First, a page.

U.S. stock and bond markets on Monday will be closed in observance of the Martin Luther King Jr. holiday, providing a pause after a bullish tilt on Wall Street to start 2019.
The day honoring the civil-rights leader is traditionally observed on the third Monday in January and commemorates the life of King, who was born Jan. 15, 1929, and assassinated on April 4, 1968.
A market closure for King’s birthday is a relatively new development. When the holiday was signed into law by President Ronald Reagan in 1983 and officially established in 1986, the New York Stock Exchange and other major exchanges remained open, though they observed a minute of silence at noon.
It wasn’t until Jan. 19, 1998, that the NYSE and Nasdaq first said they would take the full day off.
The Securities Industry and Financial Markets Association, Sifma, has recommended that there be no trading in U.S. dollar-denominated bonds, including the 10-year Treasury note
in the U.S., as well as in the U.K. and Japan.
The King holiday comes as a partial government shutdown persists. It’s centered on President Donald Trump’s demand for funding for a U.S.-Mexico border wall in exchange for his signature on legislation to fund the shuttered federal agencies and departments and has become the longest such closure on record, entering its 31st day on the King holiday.
Thus far, markets have shaken off any shutdown risks to the broader economy, but strategists and economists have said that the longer the shutdown lasts, the greater the negative economic impact and the higher the likelihood that markets react.
Still, the Dow Jones Industrial Average
, the S&P 500 index
and the Nasdaq Composite Index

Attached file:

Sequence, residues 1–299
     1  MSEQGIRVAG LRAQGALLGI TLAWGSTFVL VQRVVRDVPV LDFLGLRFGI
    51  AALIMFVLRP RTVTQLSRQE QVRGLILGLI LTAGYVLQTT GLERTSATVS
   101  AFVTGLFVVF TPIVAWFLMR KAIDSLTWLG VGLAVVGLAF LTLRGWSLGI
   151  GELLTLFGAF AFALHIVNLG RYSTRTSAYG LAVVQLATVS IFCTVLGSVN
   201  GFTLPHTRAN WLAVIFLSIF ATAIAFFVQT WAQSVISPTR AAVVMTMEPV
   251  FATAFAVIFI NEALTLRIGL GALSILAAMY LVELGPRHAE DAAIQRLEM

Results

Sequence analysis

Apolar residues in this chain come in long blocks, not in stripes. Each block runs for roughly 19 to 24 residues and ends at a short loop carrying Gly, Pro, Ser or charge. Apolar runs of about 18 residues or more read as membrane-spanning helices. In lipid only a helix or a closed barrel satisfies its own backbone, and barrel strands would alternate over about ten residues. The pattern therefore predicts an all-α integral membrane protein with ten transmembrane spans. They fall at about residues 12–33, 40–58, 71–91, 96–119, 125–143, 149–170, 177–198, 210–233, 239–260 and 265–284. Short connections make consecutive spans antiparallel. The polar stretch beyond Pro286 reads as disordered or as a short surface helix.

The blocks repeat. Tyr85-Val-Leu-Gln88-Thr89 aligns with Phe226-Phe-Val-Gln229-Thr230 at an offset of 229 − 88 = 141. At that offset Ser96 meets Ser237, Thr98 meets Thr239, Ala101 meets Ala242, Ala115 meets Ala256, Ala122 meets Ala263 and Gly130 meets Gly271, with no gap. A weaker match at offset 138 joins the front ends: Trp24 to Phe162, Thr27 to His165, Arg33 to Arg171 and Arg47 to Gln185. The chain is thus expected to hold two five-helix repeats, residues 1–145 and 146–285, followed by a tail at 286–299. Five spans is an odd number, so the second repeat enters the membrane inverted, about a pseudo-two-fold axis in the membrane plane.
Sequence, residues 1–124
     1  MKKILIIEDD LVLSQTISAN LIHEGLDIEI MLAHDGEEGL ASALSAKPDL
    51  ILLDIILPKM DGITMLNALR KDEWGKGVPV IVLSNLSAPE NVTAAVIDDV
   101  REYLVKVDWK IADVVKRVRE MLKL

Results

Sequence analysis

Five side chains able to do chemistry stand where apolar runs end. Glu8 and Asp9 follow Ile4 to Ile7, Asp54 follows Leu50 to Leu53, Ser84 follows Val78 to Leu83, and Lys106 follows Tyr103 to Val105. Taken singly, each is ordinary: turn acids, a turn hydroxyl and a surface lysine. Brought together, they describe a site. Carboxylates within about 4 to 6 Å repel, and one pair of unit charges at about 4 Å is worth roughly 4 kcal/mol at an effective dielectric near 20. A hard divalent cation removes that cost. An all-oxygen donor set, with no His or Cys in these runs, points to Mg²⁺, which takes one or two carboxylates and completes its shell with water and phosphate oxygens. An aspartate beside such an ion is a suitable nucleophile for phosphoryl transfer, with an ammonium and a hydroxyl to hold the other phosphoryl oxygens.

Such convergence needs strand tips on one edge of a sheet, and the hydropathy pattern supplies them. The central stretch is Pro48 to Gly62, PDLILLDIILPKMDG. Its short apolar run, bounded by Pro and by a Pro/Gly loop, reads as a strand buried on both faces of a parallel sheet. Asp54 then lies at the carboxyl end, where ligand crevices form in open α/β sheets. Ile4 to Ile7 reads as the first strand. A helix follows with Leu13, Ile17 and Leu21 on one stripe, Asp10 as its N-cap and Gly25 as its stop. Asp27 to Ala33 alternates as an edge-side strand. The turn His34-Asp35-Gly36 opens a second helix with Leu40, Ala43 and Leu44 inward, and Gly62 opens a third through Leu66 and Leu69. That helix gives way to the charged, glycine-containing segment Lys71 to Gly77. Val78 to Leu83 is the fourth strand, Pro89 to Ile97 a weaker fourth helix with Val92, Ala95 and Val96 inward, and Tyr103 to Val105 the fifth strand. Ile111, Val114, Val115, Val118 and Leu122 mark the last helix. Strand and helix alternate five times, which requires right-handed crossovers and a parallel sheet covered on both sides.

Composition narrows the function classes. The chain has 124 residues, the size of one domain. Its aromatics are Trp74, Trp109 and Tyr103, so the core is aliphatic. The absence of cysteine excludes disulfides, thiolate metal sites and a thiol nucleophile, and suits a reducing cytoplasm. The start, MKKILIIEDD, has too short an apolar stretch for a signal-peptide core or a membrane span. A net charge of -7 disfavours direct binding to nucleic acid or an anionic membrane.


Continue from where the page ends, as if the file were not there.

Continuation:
are all looking at weekly gains of at least 1%, and the S&P 500 and the small-cap-focused Russell 2000 index
are off to their best starts to a year since 1987, according to Dow Jones Market Data. All this comes after a withering final stretch last year that left stock indexes bruised by a parade of worries, ranging from a hard-charging pace of interest-rate increases to China and the U.S.’s protracted trade battle.
To be sure, not all markets will be closed on Monday. Markets in Europe, as reflected in the Stoxx Europe 600
and the FTSE 100
and market benchmarks in China, like the Shanghai Composite
, will be open. Notably, Beijing is expected to report a reading of gross domestic product for the world’s second-largest economy, with the country recently showing consistent signs of a slowdown.
Meanwhile, trading for commodities on Martin Luther King Day, including crude oil
, among other contracts listed on Globex, will all trade electronically. Trading floors
are closed, so futures won’t settle.
Globex trading begins as usual at 6 p.m. Eastern on Sunday and ends at 1 p.m. Eastern on Monday.
Providing critical information for the U.S. trading day. Subscribe to MarketWatch’s free Need to Know newsletter. Sign up here.